Author : Timnit Gebru
Affiliated organization : MIT Technology review
Type of publication : Interview
Date of publication : Février 2018
Artificial intelligence is an increasingly seamless part of our everyday lives, present in everything from web searches to social media to home assistants like Alexa. But what do we do if this massively important technology is unintentionally, but fundamentally, biased? And what do we do if this massively important field includes almost no black researchers? Timnit Gebru is tackling these questions as part of Microsoft’s Fairness, Accountability, Transparency, and Ethics in AI group, which she joined last summer. She also cofounded the Black in AI event at the Neural Information Processing Systems (NIPS) conference in 2017 and was on the steering committee for the first Fairness and Transparency conference in February.
How does the lack of diversity distort artificial intelligence and specifically computer vision?
There is a bias to what kinds of problems we think are important, what kinds of research we think are important, and where we think AI should go. If we don’t have diversity in our set of researchers, we are not going to address problems that are faced by the majority of people in the world. When problems don’t affect us, we don’t think they’re that important, and we might not even know what these problems are, because we’re not interacting with the people who are experiencing them.
Are there ways to counteract bias in systems?
We are in a diversity crisis for AI. In addition to having technical conversations, conversations about law, conversations about ethics, we need to have conversations about diversity in AI. We need all sorts of diversity in AI. And this needs to be treated as something that’s extremely urgent.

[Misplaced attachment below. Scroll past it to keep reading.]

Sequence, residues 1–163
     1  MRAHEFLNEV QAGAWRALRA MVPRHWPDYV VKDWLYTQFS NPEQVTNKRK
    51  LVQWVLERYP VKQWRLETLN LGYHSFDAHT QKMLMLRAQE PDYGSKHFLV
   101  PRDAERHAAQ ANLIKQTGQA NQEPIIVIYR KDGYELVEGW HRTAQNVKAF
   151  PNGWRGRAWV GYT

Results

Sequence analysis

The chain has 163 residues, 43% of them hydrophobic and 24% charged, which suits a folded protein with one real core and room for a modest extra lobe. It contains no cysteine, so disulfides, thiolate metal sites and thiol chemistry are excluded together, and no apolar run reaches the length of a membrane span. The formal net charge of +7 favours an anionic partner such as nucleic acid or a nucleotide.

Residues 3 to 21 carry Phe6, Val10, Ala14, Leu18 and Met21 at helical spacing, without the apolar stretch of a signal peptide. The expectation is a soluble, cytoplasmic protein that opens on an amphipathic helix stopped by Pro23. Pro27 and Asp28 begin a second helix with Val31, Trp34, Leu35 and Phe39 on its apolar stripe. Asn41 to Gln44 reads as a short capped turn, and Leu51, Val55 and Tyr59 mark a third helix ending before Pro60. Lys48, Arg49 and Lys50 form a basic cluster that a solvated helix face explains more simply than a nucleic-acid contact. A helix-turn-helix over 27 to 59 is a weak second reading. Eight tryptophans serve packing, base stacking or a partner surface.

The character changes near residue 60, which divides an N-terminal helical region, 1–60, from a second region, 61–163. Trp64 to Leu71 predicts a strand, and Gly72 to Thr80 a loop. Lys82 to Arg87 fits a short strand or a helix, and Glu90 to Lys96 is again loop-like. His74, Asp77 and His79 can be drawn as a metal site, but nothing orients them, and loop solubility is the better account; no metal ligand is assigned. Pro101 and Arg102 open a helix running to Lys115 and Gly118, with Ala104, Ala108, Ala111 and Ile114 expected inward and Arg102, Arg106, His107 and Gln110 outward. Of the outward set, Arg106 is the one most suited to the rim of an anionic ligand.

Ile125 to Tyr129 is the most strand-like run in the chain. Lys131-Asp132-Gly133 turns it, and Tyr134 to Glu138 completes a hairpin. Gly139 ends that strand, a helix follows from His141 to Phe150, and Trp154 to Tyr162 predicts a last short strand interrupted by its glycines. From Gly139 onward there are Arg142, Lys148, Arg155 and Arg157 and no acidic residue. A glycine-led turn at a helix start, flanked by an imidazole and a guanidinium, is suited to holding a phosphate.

Something I’m really passionate about and I’m working on right now is to figure out how to encourage companies to give more information to users or even researchers. They should have recommended usage, what the pitfalls are, how biased the data set is, etc. So that when I’m a startup and I’m just taking your off-the-shelf data set or off-the-shelf model and incorporating it into whatever I’m doing, at least I have some knowledge of what kinds of pitfalls there may be.
If we don’t have diversity in our set of researchers, we are not going to address problems that are faced by the majority of people in the world. When problems don’t affect us, we don’t think they’re that important, and we might not even know what these problems are, because we’re not interacting with the people who are experiencing them
AI is just now starting to be baked into the mainstream, into a product everywhere, so we’re at a precipice where we really need some sort of conversation around standardization and usage.
What issues are you hoping to address with this first Fairness and Transparency conference?
This is really the first conference that is addressing the issues of fairness, accountability, ethics, and transparency in AI. It’s really important to have the stand-alone conference because it needs to be worked on by people from many disciplines who talk to each other.
Machine-learning people on their own cannot solve this problem. There are issues of transparency; there are issues of how the laws should be updated. If you’re going to talk about bias in health care, you want to talk to [health-care professionals] about where the potential biases could be, and then you can think about how to have a machine-learning-based solution.
What has been your experience working in AI?
It’s not easy. I love my job. I love the research that I work on. I love the field. I cannot imagine what else I would do in that respect. That being said, it’s very difficult to be a black woman in this field. When I started Black in AI, I started it with a couple of my friends.
What really just made it accelerate was [in 2016] when I went to NIPS and someone was saying there were an estimated 8,500 people. I counted six black people. I was literally panicking. That’s the only way I can describe how I felt.
At the same time, I also saw a lot of rhetoric about diversity and how a lot of companies think it’s important. And I saw a mismatch between the rhetoric and action. Because six black people out of 8,500—that’s a ridiculous number, right? That is almost zero percent. I was like, “We have to do something now.” I want to give a call to action to people who believe diversity is important. Because it is an emergency, and we have to do something about it now.
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